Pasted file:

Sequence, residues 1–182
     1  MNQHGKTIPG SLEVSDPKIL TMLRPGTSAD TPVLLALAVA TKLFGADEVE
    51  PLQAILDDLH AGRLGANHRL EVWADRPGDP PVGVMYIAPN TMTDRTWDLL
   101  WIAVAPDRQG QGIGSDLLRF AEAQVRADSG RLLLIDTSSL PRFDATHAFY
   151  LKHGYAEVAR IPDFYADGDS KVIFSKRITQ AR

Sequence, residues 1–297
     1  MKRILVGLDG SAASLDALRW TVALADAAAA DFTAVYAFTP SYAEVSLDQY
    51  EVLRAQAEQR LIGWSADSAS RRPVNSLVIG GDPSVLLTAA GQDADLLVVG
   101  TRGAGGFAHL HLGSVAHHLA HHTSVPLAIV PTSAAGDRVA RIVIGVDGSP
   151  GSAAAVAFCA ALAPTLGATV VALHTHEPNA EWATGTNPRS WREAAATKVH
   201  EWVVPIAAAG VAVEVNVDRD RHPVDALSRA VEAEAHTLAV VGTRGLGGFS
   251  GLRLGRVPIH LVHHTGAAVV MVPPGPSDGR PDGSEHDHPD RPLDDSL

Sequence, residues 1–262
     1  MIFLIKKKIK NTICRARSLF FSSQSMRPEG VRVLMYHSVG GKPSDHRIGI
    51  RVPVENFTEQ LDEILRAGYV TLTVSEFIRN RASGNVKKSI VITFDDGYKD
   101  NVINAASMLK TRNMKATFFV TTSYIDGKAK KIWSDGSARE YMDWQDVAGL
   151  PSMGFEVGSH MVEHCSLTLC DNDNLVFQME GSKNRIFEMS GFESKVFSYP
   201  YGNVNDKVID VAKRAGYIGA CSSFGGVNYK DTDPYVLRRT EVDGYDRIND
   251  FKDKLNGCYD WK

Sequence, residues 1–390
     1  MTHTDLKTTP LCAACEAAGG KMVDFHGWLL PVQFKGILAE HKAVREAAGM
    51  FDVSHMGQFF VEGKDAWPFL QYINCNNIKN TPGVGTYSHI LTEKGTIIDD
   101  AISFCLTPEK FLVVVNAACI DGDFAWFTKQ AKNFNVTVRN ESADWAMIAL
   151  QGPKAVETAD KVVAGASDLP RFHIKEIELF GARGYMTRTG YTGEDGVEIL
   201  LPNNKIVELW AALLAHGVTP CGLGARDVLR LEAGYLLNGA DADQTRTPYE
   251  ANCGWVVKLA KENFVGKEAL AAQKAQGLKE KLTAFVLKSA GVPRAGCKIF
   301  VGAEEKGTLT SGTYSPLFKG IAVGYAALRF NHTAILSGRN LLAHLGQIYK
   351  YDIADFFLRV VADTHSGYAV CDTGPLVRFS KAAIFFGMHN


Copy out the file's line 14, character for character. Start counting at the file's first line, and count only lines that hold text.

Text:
     1  MIFLIKKKIK NTICRARSLF FSSQSMRPEG VRVLMYHSVG GKPSDHRIGI